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. Last Updated: 07/27/2016

09/04/1992

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Parking fees fuel a foreign protest

Many foreigners living in UPDK apartment buildings are balking at a new parking policy that apparently will be implemented at all the state-run complexes for foreigners in Moscow. According to the manager of one of the parking lots, the charges, which range from $300 to $900 a year, are necessary to protect foreigner's cars from thieves and vandals. But some foreign residents beg to differ. The additional charges, as one tenant put it, ""are just another UPDK rip-off"" which should be covered by the $25, 000-$30, 000 that residents of the stare-run apartments pay annually in rent. The changed parking policy apparently began late last winter at two buildings - Krutinsky Val and Rublyovskoye Shosse - where residents who parked their cars in secured areas received notices from UPDK, the administration for the diplomatic corps, a spokesman from the Danish Embassy said. The cost was $900 per year per vehicle.

A protest, quietly, to Vietnam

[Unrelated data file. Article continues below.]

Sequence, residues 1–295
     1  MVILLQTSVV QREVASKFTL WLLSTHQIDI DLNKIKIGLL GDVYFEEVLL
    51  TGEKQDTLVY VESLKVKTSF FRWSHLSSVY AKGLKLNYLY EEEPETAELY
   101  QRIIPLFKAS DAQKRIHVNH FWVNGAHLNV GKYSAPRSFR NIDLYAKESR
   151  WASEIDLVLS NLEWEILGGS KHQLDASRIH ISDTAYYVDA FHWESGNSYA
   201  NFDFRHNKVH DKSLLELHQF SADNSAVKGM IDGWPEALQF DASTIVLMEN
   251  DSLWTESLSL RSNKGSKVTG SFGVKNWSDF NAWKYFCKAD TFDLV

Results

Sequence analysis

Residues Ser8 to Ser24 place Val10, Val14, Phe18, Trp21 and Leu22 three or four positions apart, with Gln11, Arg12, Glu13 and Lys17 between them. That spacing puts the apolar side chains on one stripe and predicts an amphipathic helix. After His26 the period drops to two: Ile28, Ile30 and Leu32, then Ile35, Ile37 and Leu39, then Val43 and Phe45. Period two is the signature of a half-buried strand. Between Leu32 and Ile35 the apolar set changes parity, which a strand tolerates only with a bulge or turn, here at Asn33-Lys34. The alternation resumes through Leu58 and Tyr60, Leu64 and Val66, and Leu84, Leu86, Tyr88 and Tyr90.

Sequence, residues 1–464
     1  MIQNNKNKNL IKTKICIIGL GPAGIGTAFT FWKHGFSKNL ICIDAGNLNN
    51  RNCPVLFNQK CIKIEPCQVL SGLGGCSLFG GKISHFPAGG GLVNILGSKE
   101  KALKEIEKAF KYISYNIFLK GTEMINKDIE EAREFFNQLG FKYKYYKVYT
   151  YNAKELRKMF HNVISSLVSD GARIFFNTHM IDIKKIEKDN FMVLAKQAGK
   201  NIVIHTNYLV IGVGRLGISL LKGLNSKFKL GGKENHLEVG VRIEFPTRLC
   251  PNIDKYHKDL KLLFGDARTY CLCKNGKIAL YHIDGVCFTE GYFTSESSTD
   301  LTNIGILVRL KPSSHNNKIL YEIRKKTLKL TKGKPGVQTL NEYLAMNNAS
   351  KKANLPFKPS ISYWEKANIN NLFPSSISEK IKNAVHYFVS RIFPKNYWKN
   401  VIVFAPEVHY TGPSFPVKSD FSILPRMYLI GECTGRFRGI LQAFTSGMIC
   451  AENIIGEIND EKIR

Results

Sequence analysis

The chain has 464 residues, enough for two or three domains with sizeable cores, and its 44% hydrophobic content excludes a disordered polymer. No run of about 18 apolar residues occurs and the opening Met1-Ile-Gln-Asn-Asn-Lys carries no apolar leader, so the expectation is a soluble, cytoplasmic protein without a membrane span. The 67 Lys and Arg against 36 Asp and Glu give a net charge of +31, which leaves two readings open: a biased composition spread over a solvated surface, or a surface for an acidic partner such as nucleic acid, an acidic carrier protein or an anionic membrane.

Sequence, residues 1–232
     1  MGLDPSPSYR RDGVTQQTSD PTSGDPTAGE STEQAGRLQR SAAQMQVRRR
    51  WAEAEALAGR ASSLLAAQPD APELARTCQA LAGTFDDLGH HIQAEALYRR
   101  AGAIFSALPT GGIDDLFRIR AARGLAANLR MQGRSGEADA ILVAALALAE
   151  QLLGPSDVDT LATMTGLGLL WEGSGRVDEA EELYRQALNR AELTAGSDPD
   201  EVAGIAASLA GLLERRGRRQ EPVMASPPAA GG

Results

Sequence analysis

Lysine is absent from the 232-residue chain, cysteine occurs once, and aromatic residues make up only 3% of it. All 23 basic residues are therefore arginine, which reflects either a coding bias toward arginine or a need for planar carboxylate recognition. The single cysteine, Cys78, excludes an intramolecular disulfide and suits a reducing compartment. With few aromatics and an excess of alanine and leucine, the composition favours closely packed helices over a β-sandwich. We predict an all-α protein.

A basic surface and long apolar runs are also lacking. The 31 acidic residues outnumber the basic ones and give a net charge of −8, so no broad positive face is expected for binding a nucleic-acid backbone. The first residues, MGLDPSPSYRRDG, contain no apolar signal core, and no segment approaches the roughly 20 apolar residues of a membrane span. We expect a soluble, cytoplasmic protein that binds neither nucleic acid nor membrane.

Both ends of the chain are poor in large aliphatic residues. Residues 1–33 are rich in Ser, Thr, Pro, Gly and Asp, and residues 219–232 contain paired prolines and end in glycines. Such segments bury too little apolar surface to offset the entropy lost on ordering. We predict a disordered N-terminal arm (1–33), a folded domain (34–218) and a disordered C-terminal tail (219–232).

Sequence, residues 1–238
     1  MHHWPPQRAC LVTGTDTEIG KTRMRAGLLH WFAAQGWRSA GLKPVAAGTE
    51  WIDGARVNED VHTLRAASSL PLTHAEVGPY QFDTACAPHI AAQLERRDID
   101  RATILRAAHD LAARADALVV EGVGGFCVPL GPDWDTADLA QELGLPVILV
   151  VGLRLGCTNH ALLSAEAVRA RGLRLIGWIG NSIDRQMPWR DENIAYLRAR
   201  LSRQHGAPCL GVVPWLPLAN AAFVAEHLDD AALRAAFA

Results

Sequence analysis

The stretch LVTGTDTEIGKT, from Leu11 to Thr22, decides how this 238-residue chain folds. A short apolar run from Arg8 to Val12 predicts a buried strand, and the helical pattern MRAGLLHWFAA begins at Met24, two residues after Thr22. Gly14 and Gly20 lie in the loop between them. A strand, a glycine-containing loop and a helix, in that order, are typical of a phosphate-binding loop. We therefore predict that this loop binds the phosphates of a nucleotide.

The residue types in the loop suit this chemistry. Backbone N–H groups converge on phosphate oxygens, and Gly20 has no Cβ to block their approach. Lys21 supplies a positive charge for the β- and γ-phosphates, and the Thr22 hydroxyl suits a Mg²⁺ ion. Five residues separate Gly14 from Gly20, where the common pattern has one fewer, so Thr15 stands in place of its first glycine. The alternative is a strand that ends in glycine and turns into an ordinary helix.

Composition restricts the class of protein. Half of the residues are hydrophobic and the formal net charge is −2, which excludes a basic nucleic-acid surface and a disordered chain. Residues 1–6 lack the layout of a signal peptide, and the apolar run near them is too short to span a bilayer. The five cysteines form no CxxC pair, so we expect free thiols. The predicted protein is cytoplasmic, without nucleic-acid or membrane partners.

In the shade of one of Moscow's largest parks, a young Vietnamese student, his voice barely above a whisper and his eyes surveying every passerby, ponders what he should and should not say about his dissident political activities. ""I don't know how much I should tell you"", he says after a long pause. He explains that he is afraid that divulging any specific information about himself might provide clues to his identity. Such caution is typical of dissident Vietnamese students in Moscow. They witnessed the birth of democracy in the former Soviet Union but they are afraid to openly voice opinions about their own country. While Russians have been discussing their democratic structures candidly over the last year, Vietnamese dissidents have been working covertly. To protect their identity - which they consider crucial - they have created several small groups, mostly at the institutes they attend, which operate independently. On Wednesday the dissident movement united and broadened its activities.
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